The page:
C: Do you have a favorite wine?

LB: I have favorites. As all wineries do, we have had better years than others, due to the agricultural elements of wine. For example, 2010 was one of our best years and I love our Reds from that year.
I have a personal taste for acidic wines so I like our tart styles of wine (Grenache, Sangiovese, etc.). I also like spicy wines along with fruity ones. I have really come to realize that my favorite wine is the one that goes best with my situation at that specific time. Environment, food, company and temperature are a few of many aspects that dictate what I want in my glass. If I had to pick one single wine of ours that is readily available, it would have to be our flagship red wine named El Serrano.

C: You collaborate with several vineyards to get the best grapes. Can you tell us a bit about how this process works and the many vineyards you work with?

LB: We are in the great position of growing/managing most of our own fruit. Certain farming practices are essential for quality grape production, which is necessary for a chance to produce fine wine. So much of wine making is dictated by the agricultural side of things. So much of the farming aspect is dictated by the year and how mother nature decides to treat us.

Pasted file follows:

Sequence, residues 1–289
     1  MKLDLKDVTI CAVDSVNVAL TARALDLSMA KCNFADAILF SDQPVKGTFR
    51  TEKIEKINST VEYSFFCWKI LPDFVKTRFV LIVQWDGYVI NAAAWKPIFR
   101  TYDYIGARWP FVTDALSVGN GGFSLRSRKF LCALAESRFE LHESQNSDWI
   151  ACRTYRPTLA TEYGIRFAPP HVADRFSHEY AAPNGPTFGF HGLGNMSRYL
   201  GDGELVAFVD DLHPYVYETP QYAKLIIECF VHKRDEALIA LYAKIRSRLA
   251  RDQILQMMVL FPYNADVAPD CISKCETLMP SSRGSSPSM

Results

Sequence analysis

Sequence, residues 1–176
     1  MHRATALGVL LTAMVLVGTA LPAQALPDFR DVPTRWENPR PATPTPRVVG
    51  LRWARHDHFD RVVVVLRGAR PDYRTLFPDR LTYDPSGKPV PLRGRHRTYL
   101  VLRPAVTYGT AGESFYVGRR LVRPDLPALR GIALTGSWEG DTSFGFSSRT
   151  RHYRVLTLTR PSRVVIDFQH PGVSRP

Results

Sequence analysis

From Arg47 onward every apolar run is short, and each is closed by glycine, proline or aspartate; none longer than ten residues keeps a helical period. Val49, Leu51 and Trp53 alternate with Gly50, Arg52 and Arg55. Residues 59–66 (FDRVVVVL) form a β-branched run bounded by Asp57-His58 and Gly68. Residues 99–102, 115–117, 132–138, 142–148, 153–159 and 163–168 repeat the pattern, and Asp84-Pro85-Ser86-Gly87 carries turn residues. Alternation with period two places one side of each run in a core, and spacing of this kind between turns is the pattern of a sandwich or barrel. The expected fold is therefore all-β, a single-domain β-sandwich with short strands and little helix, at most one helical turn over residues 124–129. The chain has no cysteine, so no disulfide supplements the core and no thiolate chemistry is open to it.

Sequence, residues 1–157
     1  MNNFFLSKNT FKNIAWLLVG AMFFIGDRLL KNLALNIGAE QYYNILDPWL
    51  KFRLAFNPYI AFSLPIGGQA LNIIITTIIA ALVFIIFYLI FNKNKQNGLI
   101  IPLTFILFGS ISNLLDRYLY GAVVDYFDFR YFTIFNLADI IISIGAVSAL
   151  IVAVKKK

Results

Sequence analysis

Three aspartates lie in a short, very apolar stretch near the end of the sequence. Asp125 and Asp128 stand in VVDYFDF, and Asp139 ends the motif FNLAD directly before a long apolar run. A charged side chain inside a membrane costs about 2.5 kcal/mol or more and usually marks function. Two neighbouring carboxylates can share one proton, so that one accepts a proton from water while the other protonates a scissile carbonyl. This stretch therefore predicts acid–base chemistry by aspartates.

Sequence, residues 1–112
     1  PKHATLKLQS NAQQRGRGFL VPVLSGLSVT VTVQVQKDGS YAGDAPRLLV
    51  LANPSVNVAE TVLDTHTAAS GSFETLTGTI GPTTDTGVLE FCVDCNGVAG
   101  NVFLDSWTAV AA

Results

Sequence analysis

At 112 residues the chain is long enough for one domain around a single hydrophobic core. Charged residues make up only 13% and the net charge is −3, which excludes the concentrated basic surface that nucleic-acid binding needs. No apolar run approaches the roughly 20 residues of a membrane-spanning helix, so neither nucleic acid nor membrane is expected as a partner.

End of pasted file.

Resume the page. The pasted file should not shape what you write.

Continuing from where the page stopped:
We are lucky to be able to grow grapes on land that we own in different climates, elevations and regions of the state. This enables us to keep our eggs somewhat out of one basket as frost, heavy monsoons, pests and diseases often affect regions instead of the entire state. Each year we do work with a few other wine growers as there are quite a few other farmers that grow grapes simply to sell them. We are open to working with other growers if it is quality grown fruit and ultimately helps us if diversifying our variety of wines produced. It should also be noted that this works both ways as we often sell some of our fruit to other AZ wineries.